For a discrete symmetry: At the minimum value of the potential, $V$, in the Lagrangian density, why do we take $\phi= \langle v\rangle + \eta$? Aren't we deliberately breaking the symmetry? If we don't do this, the symmetry is intact. On the other hand, if we replace $\phi$ by $\phi= \langle v\rangle + \eta$, even when not in a ground state, then also the symmetry will be broken in $\eta$ field. Please explain.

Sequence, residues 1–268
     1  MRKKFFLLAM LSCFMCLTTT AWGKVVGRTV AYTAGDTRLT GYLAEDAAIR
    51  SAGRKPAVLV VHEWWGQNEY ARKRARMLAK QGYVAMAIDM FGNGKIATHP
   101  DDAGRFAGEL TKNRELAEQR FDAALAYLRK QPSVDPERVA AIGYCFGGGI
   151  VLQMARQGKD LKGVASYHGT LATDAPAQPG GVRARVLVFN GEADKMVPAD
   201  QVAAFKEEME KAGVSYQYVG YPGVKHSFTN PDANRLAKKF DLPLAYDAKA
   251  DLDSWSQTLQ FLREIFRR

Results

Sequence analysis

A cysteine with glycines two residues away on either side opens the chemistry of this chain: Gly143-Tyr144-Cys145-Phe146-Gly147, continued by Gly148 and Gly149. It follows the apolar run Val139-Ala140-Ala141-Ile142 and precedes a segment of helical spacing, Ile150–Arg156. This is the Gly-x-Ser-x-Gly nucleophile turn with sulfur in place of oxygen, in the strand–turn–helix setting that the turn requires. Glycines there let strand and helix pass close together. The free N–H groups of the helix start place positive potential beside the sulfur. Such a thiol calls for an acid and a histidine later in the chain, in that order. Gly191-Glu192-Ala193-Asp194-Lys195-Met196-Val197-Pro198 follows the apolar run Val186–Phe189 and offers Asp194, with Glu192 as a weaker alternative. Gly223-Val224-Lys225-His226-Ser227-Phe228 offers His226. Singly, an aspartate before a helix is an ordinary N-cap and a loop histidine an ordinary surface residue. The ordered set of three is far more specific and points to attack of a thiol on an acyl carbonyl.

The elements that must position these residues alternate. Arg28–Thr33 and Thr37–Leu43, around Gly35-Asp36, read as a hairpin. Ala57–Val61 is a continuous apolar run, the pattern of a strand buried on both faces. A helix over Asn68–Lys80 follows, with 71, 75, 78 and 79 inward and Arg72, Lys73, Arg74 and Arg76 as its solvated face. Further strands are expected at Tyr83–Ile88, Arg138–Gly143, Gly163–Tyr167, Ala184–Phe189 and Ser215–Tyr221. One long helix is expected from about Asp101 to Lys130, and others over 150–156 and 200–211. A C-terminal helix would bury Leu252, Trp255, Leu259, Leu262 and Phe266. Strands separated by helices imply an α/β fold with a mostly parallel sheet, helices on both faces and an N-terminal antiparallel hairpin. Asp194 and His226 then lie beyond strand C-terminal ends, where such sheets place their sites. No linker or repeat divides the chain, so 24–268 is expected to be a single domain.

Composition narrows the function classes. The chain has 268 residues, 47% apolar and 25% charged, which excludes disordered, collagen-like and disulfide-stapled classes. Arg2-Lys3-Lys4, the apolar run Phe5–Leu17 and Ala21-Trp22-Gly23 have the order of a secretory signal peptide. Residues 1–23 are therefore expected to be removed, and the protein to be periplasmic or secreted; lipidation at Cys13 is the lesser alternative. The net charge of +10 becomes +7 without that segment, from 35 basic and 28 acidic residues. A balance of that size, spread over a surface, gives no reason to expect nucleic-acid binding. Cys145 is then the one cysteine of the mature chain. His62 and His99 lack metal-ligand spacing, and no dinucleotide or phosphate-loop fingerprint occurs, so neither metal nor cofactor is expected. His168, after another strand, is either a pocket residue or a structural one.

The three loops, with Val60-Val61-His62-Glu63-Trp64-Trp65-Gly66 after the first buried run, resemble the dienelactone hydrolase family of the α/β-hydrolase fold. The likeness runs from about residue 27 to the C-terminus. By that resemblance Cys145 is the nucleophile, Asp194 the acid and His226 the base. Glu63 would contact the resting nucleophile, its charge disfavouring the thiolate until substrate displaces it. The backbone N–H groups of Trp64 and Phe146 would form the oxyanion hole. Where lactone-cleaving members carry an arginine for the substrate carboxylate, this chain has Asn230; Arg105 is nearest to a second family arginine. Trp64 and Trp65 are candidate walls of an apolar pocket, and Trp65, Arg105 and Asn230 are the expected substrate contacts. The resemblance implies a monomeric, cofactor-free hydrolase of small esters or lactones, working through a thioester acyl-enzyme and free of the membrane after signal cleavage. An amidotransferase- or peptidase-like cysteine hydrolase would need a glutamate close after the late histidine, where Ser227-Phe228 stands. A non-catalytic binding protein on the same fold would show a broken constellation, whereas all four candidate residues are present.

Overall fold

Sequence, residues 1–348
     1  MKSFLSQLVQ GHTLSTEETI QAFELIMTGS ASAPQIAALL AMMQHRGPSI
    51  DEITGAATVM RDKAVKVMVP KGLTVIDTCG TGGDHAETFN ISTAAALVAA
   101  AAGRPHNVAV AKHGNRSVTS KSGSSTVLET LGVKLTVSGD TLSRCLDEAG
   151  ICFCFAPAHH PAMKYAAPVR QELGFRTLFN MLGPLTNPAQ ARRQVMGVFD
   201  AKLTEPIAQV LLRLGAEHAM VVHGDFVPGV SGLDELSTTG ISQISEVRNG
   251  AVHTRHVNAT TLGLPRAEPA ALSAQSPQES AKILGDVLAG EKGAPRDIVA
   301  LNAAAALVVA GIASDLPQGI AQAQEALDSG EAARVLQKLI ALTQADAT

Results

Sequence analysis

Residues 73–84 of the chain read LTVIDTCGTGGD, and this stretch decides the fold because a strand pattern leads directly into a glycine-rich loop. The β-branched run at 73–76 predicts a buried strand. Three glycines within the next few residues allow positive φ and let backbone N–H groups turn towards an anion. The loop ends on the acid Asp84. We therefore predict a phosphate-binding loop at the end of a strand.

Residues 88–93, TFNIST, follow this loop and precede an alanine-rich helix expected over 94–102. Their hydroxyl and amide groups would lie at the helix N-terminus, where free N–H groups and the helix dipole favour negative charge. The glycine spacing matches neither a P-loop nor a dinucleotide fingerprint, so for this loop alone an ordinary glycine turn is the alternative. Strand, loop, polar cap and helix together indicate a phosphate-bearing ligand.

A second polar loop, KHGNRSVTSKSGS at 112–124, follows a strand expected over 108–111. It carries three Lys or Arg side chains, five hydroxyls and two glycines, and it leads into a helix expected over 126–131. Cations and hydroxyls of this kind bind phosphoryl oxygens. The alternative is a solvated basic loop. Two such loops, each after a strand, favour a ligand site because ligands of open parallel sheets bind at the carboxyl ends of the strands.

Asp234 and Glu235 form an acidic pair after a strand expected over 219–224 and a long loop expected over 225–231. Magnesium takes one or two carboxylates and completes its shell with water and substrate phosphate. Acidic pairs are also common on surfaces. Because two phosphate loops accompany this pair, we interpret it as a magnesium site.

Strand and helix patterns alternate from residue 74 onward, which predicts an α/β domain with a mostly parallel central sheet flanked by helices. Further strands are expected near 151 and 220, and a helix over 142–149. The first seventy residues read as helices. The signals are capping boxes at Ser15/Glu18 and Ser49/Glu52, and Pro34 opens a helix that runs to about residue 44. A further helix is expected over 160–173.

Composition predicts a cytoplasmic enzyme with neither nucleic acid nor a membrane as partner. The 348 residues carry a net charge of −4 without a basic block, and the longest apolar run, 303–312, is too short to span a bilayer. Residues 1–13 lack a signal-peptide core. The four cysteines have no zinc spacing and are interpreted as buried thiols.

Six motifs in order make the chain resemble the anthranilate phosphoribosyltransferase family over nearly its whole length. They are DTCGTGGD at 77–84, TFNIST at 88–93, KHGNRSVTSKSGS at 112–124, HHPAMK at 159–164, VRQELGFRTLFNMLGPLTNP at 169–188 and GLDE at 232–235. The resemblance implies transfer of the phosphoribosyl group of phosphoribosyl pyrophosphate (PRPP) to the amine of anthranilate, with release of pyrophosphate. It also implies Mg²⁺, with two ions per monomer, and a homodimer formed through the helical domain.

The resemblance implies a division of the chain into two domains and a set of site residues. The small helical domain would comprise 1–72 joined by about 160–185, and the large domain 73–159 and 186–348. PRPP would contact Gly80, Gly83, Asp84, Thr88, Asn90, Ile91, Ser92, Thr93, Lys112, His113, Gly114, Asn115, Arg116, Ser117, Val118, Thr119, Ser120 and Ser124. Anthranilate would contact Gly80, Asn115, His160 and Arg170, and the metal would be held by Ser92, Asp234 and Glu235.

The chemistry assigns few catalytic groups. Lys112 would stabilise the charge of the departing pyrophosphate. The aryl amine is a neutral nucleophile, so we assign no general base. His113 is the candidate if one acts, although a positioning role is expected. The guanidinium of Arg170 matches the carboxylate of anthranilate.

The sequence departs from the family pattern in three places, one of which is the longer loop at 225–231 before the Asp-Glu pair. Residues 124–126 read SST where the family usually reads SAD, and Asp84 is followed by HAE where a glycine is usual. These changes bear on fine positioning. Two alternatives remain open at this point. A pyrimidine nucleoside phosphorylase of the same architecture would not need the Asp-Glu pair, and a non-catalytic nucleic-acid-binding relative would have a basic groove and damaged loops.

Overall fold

In canonical quantization, a quantum field is a linear combination of so-called "creation and annihilation operators". That means that the field $\phi$ creates and destroys particles of type $\phi$.
The state $|0\rangle$ is the vacuum: the state with no particles. If $\phi$ is a quantum field that creates and destroys particles, it must be that $\langle 0 | \phi | 0 \rangle=0$, because the state with particles created/destroyed, $\phi|0\rangle$ must be orthogonal to the empty state $|0\rangle$.
We have no choice, then, but to write $\phi=v+\eta$, such that $\langle \eta \rangle=0$. Th new field $\eta$ now has a good particle interpretation, whereas the original field $\phi$ did not, because $\langle\phi\rangle = v$.